In the summer 2015 Budget Statement, the then-Chancellor George Osborne announced changes to the Road Fund Licence (RFL) to come into play in April 2017 with a change to the way it is calculated year-on-year.
According to the Government, the changes are being introduced to "make costs fairer for motorists" and apply to cars registered on or after 1 April 2017. All vehicles registered before this date will be unaffected by the changes.
The biggest change in regards to road tax is that it is no longer entirely based on the CO2 emissions of the vehicle.
In the existing road tax bandings, cars with emissions of less than 130g/km paid a lower rate of road tax but from year one from April 2017 onwards, unless the car has zero emissions, some form of road tax will need to be paid on new vehicles.
For cars with emissions of between 1 and 50g/km, this will be £10; 51-75g.km £25, 76-90 £100, 91-100 £120,101-110 £140, and 111-130 £160. Charges for cars with emissions over 130g/km have increased too, right up to those emitting 255g/km and over that now get a RFL of £2000 (up from £1120).
That's a big change, and it seems to have been initiated by the fact that car manufacturers have been reducing emissions on cars as part of a green policy.
After the first year, ALL CARS from year 2 onwards (with the exception of zero emission cars where the standard rate will stay at zero) will be charged a standard rate of £140, with an additional charge of £310 a year (for 5 years) on any cars with an 'RFL Price List' of over £40,000 - but more about that later.
This charge after the first year is an increase to those looking for a car that emits less than 140g/km (in comparison to the previous charges) but a bonus to those with 'more polluting' cars, despite having to pay more in the first year. So does the 'fairer' statement ring true at the expense of the environment, as it seems that emissions become a less attractive consideration when looking a new car from April next year? And is it more of a benefit to drivers of bigger, and probably more expensive, cars?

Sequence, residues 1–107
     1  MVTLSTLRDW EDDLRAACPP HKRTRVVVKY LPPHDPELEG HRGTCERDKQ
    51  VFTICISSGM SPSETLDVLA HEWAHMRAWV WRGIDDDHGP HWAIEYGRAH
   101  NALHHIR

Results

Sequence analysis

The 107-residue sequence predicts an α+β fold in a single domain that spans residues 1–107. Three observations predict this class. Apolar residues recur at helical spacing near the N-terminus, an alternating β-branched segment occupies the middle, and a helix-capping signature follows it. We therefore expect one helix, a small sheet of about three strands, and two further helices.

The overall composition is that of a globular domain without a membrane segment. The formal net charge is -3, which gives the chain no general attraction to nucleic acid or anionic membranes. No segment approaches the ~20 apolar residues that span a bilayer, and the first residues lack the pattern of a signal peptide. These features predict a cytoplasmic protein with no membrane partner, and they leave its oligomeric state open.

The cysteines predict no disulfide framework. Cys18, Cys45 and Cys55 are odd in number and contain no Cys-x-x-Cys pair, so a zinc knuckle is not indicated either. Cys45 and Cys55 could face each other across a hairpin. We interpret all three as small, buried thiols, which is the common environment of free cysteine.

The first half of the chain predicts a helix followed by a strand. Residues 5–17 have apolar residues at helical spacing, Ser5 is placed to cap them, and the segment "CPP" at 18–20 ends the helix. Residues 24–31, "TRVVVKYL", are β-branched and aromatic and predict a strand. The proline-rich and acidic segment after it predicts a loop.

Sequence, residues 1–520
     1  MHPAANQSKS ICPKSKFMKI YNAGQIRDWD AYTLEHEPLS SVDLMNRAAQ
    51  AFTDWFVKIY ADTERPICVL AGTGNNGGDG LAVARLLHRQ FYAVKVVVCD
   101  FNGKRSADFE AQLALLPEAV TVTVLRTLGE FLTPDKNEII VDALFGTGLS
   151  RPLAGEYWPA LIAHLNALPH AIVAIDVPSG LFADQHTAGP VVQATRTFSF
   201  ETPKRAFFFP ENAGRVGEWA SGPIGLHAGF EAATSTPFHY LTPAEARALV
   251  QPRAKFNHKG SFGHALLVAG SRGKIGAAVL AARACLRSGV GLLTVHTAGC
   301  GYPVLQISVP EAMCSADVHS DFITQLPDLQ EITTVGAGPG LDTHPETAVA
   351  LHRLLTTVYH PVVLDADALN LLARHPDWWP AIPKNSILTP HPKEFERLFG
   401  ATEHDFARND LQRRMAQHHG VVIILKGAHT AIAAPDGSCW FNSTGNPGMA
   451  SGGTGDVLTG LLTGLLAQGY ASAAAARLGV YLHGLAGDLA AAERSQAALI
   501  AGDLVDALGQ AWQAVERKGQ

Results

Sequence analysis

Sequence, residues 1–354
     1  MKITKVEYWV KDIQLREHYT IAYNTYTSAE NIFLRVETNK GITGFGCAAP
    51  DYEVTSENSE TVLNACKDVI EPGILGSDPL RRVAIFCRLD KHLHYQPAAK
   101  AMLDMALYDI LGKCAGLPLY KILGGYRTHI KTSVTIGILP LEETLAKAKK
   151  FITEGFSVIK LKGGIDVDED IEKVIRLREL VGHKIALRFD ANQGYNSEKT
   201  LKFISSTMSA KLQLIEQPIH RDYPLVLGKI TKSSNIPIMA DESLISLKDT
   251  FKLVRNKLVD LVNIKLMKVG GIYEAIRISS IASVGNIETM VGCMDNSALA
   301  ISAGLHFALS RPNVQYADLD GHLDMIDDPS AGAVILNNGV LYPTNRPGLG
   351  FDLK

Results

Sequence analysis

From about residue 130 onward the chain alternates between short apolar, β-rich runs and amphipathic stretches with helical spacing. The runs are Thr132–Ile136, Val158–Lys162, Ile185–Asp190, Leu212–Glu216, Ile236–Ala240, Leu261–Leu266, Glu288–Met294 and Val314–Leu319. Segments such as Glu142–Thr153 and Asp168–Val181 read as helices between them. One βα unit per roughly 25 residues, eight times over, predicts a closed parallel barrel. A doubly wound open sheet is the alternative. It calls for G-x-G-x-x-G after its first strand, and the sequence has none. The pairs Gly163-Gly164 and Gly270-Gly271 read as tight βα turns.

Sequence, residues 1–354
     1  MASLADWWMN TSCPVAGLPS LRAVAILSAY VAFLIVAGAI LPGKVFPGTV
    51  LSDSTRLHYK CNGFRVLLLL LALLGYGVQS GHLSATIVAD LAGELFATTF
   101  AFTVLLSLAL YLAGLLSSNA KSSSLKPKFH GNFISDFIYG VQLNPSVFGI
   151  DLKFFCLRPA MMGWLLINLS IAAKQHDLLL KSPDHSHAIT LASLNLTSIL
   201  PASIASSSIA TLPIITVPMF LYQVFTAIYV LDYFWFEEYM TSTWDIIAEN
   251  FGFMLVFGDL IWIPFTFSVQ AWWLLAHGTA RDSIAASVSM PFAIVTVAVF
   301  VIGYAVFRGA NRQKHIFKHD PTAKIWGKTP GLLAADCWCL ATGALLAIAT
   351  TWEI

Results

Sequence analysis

Not necessarily so, because the Chancellor added in a charge of £310 a year for 5 years, starting with the second year, on cars that have an 'RFL Price List' of over £40,000 - and this is something that customers will have to really consider when buying or leasing a car.
Both the standard £140 charge and the extra charge are, of course, subject to increase in any future budgets.
To check how much tax any new car will attract, click here.
This is basically the cost of the car when bought from new, and includes:
It does NOT INCLUDE:
While all this affects drivers of all cars, spare a thought for fleet managers who now have a massive headache balancing what their fleet needs against what the driver wants, because those little extras that they 'must have to do my job properly' (like heated seats and a bigger touchscreen) may take the 'RFL List Price' over the £40,000 threshold, and increase the cost of a licence. And then multiply that by the number of cars in a fleet.....
Auto Express have provided some other costing examples in this fine blog article on the road tax changes here.
Philip Nothard, retail and consumer specialist at CAP HPI, suggested to Auto Express that new and pre-registered car sales could spike ahead of next year's VED changes. "We could experience a big spike in registrations prior to the introduction of the new tax regulations, as dealers and consumers pull registrations forward on models where there is a saving, or the opposite depending on the car's current VED band."
The new rule changes will hit drivers of popular eco-friendly cars the hardest, and only time will tell if the consumer's green credentials will prove to be economic rather than ecologic, as savings on these cars start to erode.
The 2017 changes mean a car that is CO2 rated at 100g/km or lower that previously had no Road Tax for life will now cost £400 over three years, £680 over 5 years, and a whopping £1,380 over ten years. Whereas a reasonably-priced sporty model or SUV rated at 226g/km of CO2 or above could save £2,500 (against previous road tax) if you keep it for 10 years.
But it may mean a shot in the arm for electric cars with no emissions that continue to attract zero road tax.
Fairer costs for the motorist or just a money-making exercise for the Treasury? I know where my money is!